It’s a popular opinion that we have only scratched the surface of knowing everything our oceans have to offer. What we do know is how the ocean moves and why. Ocean currents are divided into 2 main categories: surface and deep.
Deep currents are ocean currents that are usually more than 100 meters deep. Deep water currents travel the globe with a force 16 times as strong as all the world’s rivers combined. Deep water current is driven by density differences in the water. These movements based on density are also known as Thermohaline Circulation because water density depends on its temperature (thermo) and salinity (haline). The density of this deep water is much greater than that on the surface so the speed of this current is slow however the amount of water being moved is more than 100 times the flow of the amazon river!
You’re likely familiar with coastal currents if you have ever gone to the beach. These are in the category of surface currents. Surface currents are ocean currents that occur at 328 feet (100 meters) deep or above. Unlike deep water currents, where differences in density causes movement, surface current movement is due to wind that flows across the top of the water’s surface.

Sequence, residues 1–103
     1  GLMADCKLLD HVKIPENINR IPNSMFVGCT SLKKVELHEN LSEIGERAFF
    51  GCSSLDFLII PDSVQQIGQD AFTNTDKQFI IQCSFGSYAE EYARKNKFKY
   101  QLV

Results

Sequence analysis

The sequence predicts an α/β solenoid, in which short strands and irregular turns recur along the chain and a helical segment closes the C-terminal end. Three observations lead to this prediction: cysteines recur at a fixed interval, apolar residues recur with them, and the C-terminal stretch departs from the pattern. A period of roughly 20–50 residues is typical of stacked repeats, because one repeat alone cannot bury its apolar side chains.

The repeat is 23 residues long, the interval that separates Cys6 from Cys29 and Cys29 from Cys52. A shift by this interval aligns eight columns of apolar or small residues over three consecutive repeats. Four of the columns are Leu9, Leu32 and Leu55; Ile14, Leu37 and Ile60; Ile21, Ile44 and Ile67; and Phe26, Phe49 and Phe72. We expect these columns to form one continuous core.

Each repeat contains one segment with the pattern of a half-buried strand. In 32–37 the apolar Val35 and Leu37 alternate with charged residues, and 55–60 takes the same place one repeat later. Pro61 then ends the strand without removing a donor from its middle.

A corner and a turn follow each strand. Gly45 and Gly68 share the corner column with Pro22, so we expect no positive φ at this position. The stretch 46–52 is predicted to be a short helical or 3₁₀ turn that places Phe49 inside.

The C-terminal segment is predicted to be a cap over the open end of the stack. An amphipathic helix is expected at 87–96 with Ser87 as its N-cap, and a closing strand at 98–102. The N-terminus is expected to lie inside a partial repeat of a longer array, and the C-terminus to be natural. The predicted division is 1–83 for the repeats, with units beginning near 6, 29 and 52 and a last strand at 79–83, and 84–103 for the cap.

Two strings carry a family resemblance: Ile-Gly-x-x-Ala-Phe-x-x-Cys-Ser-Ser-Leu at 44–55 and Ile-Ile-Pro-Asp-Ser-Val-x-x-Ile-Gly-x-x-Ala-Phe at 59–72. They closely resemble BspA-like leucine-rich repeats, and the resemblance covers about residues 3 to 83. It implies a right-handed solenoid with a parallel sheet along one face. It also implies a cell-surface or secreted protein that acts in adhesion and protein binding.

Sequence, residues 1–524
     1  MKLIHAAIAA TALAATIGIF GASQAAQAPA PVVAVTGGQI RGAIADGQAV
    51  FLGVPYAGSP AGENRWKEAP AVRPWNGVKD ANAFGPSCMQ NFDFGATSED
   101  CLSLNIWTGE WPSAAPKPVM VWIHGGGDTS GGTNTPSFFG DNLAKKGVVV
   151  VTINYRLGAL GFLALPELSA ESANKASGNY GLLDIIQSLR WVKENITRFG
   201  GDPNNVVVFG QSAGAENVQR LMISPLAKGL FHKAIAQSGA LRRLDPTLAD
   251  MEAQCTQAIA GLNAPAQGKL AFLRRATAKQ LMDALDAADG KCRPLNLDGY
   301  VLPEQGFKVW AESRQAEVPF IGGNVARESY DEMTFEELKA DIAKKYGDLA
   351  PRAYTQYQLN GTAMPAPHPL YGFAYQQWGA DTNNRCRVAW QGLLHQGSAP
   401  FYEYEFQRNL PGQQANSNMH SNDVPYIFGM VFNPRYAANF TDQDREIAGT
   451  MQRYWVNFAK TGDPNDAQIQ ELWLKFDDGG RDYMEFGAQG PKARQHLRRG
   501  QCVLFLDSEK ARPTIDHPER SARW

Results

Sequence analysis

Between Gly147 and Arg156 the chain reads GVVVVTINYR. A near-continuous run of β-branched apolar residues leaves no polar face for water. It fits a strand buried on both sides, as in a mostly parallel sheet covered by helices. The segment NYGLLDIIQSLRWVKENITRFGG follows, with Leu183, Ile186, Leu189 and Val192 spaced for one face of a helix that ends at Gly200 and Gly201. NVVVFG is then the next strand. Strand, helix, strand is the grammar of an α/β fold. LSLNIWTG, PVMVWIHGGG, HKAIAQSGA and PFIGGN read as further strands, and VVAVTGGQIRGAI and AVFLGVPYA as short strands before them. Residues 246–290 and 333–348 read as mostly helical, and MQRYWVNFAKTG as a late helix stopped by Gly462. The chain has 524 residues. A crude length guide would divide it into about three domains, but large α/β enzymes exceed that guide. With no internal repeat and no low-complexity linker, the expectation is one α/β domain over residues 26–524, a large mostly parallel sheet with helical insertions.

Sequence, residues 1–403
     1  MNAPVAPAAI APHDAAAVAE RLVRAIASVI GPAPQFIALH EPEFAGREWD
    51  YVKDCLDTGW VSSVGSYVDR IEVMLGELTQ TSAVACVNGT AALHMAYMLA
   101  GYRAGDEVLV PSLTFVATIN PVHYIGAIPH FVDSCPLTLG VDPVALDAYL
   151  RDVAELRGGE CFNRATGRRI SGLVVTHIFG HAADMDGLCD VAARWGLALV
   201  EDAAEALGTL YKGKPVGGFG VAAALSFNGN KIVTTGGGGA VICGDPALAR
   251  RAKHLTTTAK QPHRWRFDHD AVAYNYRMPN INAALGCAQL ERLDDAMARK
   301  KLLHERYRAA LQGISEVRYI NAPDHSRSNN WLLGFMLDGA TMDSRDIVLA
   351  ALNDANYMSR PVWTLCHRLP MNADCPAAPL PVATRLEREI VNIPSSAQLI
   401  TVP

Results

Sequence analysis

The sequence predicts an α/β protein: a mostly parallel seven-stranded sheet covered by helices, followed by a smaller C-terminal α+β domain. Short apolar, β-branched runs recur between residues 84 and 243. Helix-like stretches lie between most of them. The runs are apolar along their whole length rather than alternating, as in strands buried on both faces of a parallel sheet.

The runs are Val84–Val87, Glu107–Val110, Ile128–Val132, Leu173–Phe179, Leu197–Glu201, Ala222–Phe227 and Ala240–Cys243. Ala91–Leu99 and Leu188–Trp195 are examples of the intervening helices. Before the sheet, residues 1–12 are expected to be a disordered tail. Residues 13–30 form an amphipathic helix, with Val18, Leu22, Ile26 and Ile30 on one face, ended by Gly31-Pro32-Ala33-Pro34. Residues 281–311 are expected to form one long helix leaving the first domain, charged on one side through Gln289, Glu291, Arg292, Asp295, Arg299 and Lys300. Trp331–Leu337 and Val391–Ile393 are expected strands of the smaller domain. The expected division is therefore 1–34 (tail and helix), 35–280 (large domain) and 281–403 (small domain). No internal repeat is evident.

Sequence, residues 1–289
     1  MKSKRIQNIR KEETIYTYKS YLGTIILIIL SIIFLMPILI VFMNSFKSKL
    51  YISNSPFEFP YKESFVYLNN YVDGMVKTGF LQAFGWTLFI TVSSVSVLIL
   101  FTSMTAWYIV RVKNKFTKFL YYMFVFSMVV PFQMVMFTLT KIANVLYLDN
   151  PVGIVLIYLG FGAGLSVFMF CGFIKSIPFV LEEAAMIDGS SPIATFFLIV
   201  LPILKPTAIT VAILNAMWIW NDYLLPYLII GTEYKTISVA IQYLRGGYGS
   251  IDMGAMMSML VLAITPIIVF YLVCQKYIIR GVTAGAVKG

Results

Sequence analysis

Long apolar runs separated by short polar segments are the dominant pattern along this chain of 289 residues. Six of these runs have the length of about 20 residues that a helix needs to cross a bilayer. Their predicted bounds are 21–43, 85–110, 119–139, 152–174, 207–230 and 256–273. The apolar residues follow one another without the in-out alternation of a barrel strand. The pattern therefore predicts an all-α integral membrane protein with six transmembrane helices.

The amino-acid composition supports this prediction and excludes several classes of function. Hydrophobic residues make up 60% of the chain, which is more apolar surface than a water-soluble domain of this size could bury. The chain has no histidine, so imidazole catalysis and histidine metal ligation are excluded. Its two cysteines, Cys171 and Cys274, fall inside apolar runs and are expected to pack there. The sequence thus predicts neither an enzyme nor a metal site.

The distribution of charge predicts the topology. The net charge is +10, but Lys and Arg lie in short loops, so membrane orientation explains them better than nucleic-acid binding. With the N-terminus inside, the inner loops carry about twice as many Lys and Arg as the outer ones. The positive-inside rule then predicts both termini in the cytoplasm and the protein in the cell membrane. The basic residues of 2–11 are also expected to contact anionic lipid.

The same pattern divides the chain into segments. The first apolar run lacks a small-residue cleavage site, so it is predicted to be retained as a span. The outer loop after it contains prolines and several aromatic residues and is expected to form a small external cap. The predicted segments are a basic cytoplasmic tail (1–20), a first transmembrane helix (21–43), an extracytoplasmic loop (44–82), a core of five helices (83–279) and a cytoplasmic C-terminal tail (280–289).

The picture above depicts the Coriolis Effect. Winds from the equator direct towards to the north and south poles. If there was no rotation of the earth the winds would shoot towards the equator in a straight line. However, because the Earth rotates on its axis, circulating air is deflected toward the right in the Northern Hemisphere and toward the left in the Southern Hemisphere. This deflection is called the Coriolis effect. This air drags on the oceans surface dragging it in its direction giving the current directions you see today.